Following up on all the great comments from yesterday’s post, suppose we take as a working model the idea suggested by Alec’s comment — that our instincts toward the nearly-human “other” are not merely influenced by our past history with Neanderthals, but in particular both by warring with them and by mating with them.
This model would suggest that our instincts about monsters are informed by both a joy in killing them and a sexual attraction toward them. Which leads to what might be called the “Zombie Vampire Continuum” (ZVC) hypothesis: Because of our prehistoric relationship with Neanderthals, we have both a blood lust toward “nearly human” monsters and, well, the other kind of lust. A monster will therefore lie on a continuum between “a being that I want to kill” (Zombie) and “a being that I am sexually drawn to in a way that scares me” (Vampire).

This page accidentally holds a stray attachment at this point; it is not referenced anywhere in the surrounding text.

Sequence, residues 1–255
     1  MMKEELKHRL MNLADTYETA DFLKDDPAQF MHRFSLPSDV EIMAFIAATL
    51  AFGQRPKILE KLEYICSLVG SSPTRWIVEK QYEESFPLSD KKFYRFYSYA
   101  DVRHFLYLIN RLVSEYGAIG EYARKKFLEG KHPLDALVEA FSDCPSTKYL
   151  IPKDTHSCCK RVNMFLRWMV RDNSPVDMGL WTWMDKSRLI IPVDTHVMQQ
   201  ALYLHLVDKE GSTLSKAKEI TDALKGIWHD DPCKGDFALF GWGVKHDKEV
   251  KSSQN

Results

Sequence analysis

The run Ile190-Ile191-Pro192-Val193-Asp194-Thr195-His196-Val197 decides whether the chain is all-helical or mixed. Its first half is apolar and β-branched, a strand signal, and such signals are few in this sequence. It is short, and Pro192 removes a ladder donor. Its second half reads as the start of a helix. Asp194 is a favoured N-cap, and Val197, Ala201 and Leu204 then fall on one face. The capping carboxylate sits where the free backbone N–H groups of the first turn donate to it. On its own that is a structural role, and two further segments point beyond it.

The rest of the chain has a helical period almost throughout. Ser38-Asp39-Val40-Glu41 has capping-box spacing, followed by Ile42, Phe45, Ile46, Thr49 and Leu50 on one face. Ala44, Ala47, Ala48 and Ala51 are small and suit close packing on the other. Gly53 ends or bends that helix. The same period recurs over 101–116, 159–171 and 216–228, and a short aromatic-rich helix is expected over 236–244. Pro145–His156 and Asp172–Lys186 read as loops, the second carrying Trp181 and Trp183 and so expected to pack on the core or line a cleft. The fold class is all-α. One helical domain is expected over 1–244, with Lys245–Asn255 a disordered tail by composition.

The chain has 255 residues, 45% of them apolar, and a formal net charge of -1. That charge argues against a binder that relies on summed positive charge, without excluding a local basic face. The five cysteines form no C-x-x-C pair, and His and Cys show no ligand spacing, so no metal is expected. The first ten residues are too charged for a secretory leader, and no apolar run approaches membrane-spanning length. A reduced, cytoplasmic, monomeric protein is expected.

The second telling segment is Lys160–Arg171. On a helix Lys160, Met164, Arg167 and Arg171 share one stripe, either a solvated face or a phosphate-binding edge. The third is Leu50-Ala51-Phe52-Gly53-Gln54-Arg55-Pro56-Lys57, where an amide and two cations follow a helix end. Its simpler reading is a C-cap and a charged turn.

Note how this parallels the repulsion/attraction that adolescents feel as they approach sexual maturity, which is generally reflected in archetypical fairy tales: Little Red Riding Hood wants the Wolf to be killed, but she also finds him seductive.
Perhaps our species’ unique relationship to sexuality is informed by instincts we acquired while interacting with rival sentient species, most recently the Neanderthal: We think of sex as dangerous, and at the same time we find killing sexy.